“I Had No Expectations of Sweden”: Danny Robins in Conversation


DANNY ROBINS’ sitcom, The Cold Swedish Winter, broadcast on BBC Radio 4, was inspired by his time living in Sweden. I talked to him about the adaptation of his experiences to radio, and the challenges of being a comedian abroad…

Why were you inspired to start this project?

In 2005 I was performing a comedy gig when my eyes met those of a girl in the audience. I can say without overstatement that it was love at first sight. When we spoke later in the bar I couldn’t place her accent, but it turned out to be Swedish. The rest, as they say, is history, and we are now married, with two Anglo-Swedish children. As time went by and we spent more and more time in Eva’s home country, I found myself becoming fascinated with Sweden, a country simultaneously similar yet very different to Britain. This coincided with a growing interest with Scandinavia in the UK, which gave me the confidence that if I was to put some of the things I’d started noticing and wondering about Sweden into the form of a sitcom, other Brits might be interested too.

What did you expect Sweden to be like and were your expectations confirmed?

I really had no expectations. In fact, I don’t think I’d ever thought of Sweden before. I was vaguely aware that ABBA and IKEA were Swedish, but that was about it. I think that’s one of the things Swedes obsess about: “What do people think of Sweden?” There’s a concern amongst a lot of Swedes that people consider them boring but I think, in the UK at least, people just didn’t think of Sweden much at all until recently. Sweden has pushed itself into our cultural consciousness via fashion and retail, the success of ‘Nordic noir’ and, most recently, Sweden’s approach to the refugee crisis. But I still think most Brits know very little about what Sweden or Swedes are actually like.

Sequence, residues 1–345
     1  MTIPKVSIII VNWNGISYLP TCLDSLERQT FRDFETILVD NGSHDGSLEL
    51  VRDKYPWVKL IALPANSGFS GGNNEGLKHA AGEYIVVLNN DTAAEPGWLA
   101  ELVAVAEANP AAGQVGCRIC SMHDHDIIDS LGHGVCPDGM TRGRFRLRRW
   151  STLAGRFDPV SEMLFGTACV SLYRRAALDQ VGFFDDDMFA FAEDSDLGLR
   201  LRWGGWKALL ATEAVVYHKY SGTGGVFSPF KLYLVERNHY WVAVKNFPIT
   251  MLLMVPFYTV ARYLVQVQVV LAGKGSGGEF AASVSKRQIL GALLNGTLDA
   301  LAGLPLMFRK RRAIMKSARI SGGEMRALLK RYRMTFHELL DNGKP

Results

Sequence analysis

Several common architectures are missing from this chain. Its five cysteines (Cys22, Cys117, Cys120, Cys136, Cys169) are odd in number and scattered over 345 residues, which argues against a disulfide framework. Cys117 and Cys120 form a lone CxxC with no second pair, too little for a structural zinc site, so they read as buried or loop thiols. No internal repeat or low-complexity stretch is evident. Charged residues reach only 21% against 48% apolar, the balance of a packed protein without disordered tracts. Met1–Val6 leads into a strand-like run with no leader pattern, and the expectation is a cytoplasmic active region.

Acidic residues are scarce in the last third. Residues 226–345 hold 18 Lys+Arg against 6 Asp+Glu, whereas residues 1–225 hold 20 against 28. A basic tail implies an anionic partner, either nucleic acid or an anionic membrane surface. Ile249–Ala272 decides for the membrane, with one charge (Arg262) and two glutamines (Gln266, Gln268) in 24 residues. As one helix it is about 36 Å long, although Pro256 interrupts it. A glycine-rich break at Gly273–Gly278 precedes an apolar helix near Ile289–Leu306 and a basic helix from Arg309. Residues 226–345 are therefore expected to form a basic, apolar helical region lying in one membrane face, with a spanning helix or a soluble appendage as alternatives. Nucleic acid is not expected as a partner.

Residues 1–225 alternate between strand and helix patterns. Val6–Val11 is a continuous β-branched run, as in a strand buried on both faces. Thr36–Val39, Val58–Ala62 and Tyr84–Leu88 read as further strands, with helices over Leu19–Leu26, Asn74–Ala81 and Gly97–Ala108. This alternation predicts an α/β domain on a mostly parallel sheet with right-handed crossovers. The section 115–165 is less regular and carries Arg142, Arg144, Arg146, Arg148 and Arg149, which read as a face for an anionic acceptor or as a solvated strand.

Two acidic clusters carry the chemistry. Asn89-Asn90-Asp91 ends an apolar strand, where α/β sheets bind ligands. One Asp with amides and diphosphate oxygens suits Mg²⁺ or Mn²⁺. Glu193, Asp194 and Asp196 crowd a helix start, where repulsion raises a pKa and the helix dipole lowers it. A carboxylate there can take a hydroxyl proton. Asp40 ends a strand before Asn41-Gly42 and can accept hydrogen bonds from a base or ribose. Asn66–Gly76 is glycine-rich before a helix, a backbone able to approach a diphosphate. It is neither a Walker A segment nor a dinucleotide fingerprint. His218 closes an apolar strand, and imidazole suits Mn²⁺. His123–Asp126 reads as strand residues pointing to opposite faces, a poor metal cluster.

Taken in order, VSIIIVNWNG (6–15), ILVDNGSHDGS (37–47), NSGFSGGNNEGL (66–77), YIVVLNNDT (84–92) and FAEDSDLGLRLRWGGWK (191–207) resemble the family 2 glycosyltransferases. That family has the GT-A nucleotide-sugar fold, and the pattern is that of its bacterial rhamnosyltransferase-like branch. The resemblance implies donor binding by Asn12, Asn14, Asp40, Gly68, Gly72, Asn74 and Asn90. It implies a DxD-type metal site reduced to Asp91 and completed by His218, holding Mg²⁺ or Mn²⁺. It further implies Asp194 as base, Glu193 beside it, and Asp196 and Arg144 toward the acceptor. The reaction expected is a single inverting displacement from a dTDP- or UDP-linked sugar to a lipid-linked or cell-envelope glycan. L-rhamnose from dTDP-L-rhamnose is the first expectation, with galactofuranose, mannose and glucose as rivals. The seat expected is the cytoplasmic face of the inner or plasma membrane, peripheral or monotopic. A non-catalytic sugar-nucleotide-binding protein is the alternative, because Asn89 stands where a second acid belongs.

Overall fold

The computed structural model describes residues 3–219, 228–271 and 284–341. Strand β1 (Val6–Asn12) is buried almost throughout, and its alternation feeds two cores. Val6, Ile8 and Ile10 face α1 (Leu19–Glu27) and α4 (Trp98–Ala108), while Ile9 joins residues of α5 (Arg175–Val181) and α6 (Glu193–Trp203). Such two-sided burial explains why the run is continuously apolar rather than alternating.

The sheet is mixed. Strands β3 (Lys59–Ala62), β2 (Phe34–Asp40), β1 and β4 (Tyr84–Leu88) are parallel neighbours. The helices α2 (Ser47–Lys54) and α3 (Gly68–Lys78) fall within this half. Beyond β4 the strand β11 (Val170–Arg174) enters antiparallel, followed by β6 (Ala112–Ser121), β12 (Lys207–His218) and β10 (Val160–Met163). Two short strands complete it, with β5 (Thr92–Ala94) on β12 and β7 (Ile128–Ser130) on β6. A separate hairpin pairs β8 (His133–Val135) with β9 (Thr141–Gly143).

Being such a homogeneous nation, do you think Swedes are welcoming to other cultures (including your own)?

Yes. I think it’s a hugely welcoming and tolerant country and while I think the Swedish government’s decision to start sending some refugees back to their (often still dangerous) countries as a kneejerk response to the rising far-right is misguided, I still think the response of most Swedes to asylum seekers has put my own country to shame. I’ve seen first-hand how refugees in Sweden are treated, as my parents-in-law work closely with young parent-less asylum seekers and I wrote an episode of The Cold Swedish Winter about it. As for how they treat us Brits, with a degree of bemusement now I think, since we have been in the throes of Brexit, but I think Swedes are definitely anglophiles and I know a lot of Swedes who love British humour.

In the first episode of The Cold Swedish Winter you talk a lot about silence. How disconcerting was it to begin with and have you grown used to it over time?

It’s still disconcerting. I find the Swedes’ refusal to make unnecessary small talk and their preference to sit in silence rather than fill gaps in conversation impressive, yet confusing. Have I offended them or are they silently agreeing? It’s hard to tell. I think it’s a result of Sweden being such a huge country with few people. There’s not that same pressure to get on with your neighbours, and you can easily keep yourself to yourself.

The Swedish concept of lagom is becoming increasingly popular in the UK. Why do you think Brits are so attracted to it, and are there other Swedish concepts that could make it over here?